July 9, 2015 admin

PURPOSE: A Jolt From Smug to Giving

by Zaf Iqbal

Age 69. San Luis Obispo, CA

I came to the U.S. in 1964, after I graduated from high school in Pakistan. I had no family or friends in the U.S. I worked my way through schools, receiving B.S. in Accounting from University of Nevada-Reno, MBA from Northern Illinois University and PhD from University of Nebraska-Lincoln. After receiving PhD, I started teaching at California Polytechnic State University, San Luis Obispo (Cal Poly). When I retired from Cal Poly in 2006, I was a full professor, had served as chair of accounting department, and as associate dean of college of business…

My wife and I have been married for over 43 years. We live in the country club area in a beautiful house with a large garden. Our house and the garden have been featured in the local newspaper three different times. By any standard, we have a comfortable life, free of any financial worries.

For a moment I stopped and looked at our elegant house and the beautiful garden. I felt smug and proud.

About five years ago, my wife was visiting her brother and his family in Maryland. During her absence, one day I was working in our garden. For a moment I stopped and looked at our elegant house and the beautiful garden. I felt smug and proud. I told myself that I had been able to achieve all that through my own hard work and I am not obligated to anyone for all my successes. It is all due to my own efforts.

Suddenly a thought came into my mind: There are hundreds of million and perhaps billions of people in the world who are smarter than I am and work harder than I have ever done, and they work under harsh conditions. Yet, many of them go to bed at night hungry. I experienced a jolt. I no longer  felt smug and proud, instead I became very depressed. I started questioning myself how could have all that I do while those people live such a miserable life. Images of the workers I had seen in the Middle Eastern countries flashed in my mind. All of those workers were imported from poor countries  like Bangladesh, Philippine, Sri Lanka and Pakistan. I remember skinny people working on construction projects, lifting and carrying heavy loads exposed to the sun while the temperature was 112-120 degrees. And even though they were working in oil rich countries, they were very poorly paid and had to live in camps outside towns which were literally slums. They were bused-in to work in the morning and then taken back to the camps in the evening. They were treated like slaves. They were there because it was better than being unemployed back home. The more I thought about it, the more depressed I became. It went on for days. I felt guilty that I had so much while more deserving people had next to nothing. I had no basis to believe that I have earned, what I have, solely due to my work.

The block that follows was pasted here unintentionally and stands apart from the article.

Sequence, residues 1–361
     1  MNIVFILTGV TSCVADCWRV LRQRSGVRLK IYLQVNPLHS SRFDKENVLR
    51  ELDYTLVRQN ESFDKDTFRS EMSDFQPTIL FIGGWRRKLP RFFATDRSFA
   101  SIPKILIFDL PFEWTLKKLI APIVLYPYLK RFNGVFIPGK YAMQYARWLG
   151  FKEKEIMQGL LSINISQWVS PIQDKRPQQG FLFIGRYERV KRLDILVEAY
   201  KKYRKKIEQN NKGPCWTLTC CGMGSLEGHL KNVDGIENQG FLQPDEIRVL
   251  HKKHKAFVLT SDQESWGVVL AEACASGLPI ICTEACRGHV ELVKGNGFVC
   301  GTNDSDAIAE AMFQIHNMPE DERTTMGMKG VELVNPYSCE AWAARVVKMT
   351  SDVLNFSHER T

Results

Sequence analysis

One day, I ran into a friend of mine who is a retired computer science professor. “How are you?” he asked me. I asked him if he wanted me to give the customary answer or the truthful answer. He wanted the latter. I summed up my condition in two words, “Very depressed.” And then I told him why I felt the way I did. He said that I had no reason to feel guilty or depressed about the misery that inflicts so many people in the world. He asked me if I had acquired any ill gains? Had I succeeded through immoral and unethical means? Had I defrauded others or was dishonest just to get ahead? I told him no; I accomplished what I did with integrity and hard work. He said that then instead of feeling the way I do I could do something else: I could help as many people, who are in need, as I could. “Listen, there is no way you can make everyone’s life better, but you can make a difference in the lives of some.” This was like a revelation and transformed my life forever.

“Listen, there is no way you can make everyone’s life better, but you can make a difference in the lives of some.”

Now I am involved in many volunteer activities. Some of those are Hospice, working with disadvantaged children, providing transportation to elderly and/or disabled people to doctor appointments, grocery stores, pharmacies, etc. I volunteer in a program that provides the opportunity to do house chores for frail, sick or disabled people like washing dishes, cleaning bathrooms, vacuuming floors, buying groceries or doing their laundry.

I have never felt happier in my life and my mind is at total peace. My wife is also actively engaged in volunteer activities. In addition, we financially support six charitable organizations that are doing vitally important work to help the disadvantaged in the community, e.g., food bank and homeless shelter.

I would say that we are not giving but receiving. And what we are receiving is so precious that all the money in the world cannot buy it. We are receiving the satisfaction that we are making positive difference in many lives. We are truly blessed.


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